Inform your prospective tenant that the application must be returned as soon as possible to avoid the risk of losing the rental to a competing prospect.
Review and verify the application thoroughly and look for inconsistencies and red flags. When you are satisfied, you will proceed to approving your new tenant in step 4.
STEP 4: The Approval Process
This is usually a fun part, but keep in mind that you are still screening the applicant while preparing him or her for the next step. I like to congratulate the applicant on being approved and let them know they came in 1st place. Also, let them know if you made any special concessions just for them, such as overlooking minor credit infractions, etc.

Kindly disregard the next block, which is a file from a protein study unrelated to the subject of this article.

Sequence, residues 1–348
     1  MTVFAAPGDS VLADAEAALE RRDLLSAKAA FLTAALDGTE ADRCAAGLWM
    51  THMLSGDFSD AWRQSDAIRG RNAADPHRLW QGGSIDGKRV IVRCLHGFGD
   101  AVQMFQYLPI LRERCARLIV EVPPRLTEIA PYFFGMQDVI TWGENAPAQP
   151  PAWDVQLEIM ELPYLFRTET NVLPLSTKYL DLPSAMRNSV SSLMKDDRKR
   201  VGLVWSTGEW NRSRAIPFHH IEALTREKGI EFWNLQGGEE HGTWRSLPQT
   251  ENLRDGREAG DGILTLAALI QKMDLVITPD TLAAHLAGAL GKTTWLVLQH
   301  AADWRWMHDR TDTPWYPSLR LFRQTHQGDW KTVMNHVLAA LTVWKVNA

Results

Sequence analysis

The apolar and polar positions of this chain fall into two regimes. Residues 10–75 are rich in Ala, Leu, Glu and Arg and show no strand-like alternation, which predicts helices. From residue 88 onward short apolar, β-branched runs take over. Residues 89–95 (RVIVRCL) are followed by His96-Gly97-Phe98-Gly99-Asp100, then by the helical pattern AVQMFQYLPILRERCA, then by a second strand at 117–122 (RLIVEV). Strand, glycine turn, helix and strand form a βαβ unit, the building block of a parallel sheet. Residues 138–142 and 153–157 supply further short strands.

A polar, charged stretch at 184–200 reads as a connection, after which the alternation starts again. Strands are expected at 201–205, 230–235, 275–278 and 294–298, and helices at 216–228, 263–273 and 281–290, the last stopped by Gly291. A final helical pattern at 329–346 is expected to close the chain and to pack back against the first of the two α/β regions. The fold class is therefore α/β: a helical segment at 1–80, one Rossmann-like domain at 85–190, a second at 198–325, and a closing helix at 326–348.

This process is also an opportunity for you to make sure the applicant can and will deliver. Set the time, date and place for your lease signing. Instruct the applicant(s) to bring the proper amounts of monies, identification (if you don’t already have it), and how you prefer to be paid. (Check*, money order or cash)
* Be sure to tell your new tenants that possession or keys will be given only after checks have cleared.
STEP 5: The Lease Signing
It is very important that you have a quality residential lease. You’d be surprised at how many people would just sign a lease without reading it! And I don’t just mean tenants! I believe it is crucial to read the entire lease with the tenants at a lease signing. It is your agreement with them. Shouldn’t you both know what is really being agreed to? As you read the terms of the lease with the tenants, you will be able to conduct your 5th and final step of screening. Does the tenant argue on every item? Is the late charge an issue? And so on.